Resolving disputes between countries can be achieved only on the basis of respect for the fundamental principles of International Law, Foreign Minister Nikos Dendias reiterated in an interview with Naftemboriki newspaper on Saturday.
One such key fundamental principle “is the protection of territorial sovereignty of all states,” he said.
“We are facing an unprecedented escalation of Turkish provocations and at the same time an occasional escalation in the field, where the neo-Ottoman revisionism is projected upon,” he was quoted as saying.
During this escalation, “we respond strongly, but calmly” while through a series of arguments “we deconstruct, one by one, the unfounded and non-existent allegations of the Turkish side.”
Dendias noted that Greece is sincere when it voices its intention to keep the channels of communications with Ankara open.
Referring to Greece-Russia relations, Dendias noted that when the government of Prime Minister Kyriakos Mitsotakis came to power three years ago, relations with Russia were at “a rather mediocre level” and that “we made great efforts to restore a level of mutual understanding with a country with which we have historical, religious and cultural ties dating back centuries.”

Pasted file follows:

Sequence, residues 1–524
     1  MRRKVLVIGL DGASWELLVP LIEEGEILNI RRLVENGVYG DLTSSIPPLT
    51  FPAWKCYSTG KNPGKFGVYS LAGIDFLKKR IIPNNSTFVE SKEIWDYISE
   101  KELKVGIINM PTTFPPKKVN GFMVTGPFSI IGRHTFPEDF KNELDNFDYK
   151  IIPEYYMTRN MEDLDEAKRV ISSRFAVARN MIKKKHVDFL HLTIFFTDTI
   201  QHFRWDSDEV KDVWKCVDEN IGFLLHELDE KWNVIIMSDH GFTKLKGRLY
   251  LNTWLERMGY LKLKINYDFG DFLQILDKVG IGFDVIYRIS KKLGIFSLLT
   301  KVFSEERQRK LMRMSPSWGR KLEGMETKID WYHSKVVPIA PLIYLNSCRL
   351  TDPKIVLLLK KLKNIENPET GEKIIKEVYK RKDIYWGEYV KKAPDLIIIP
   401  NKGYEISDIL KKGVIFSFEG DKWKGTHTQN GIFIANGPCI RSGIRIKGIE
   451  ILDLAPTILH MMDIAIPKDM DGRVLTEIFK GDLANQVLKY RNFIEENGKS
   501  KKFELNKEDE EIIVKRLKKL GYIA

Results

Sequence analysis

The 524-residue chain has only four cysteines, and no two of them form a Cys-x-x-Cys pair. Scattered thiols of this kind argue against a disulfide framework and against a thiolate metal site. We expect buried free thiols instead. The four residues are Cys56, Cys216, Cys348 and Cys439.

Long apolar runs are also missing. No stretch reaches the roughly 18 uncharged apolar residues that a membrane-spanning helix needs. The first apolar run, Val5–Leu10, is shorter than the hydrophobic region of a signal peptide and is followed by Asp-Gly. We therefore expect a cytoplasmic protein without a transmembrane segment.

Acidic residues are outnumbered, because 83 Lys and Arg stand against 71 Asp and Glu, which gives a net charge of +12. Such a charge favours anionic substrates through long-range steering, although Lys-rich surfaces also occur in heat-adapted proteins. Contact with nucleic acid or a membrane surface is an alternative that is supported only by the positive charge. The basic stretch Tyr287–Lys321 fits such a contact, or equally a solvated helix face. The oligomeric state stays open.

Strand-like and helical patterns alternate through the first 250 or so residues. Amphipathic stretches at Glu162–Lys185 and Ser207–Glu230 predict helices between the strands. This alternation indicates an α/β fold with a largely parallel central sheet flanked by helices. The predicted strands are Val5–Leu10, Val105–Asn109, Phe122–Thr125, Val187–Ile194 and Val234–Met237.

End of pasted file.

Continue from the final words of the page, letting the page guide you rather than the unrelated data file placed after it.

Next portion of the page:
But the Russian invasion and the war in Ukraine “interrupted the upward trajectory of our relations, and this happened not by our country’s responsibility.”
He then pointed out Greece’s leading role in the EU accession course of countries in the Western Balkans, calling it “a historical duty to help these countries progress along the path of reforms and economic growth.”
Asked about when will Greece’s collaboration memoranda with neighboring North Macedonia be ratified, Dendias said “when national interests and the Greek parliament’s schedule allow for it.”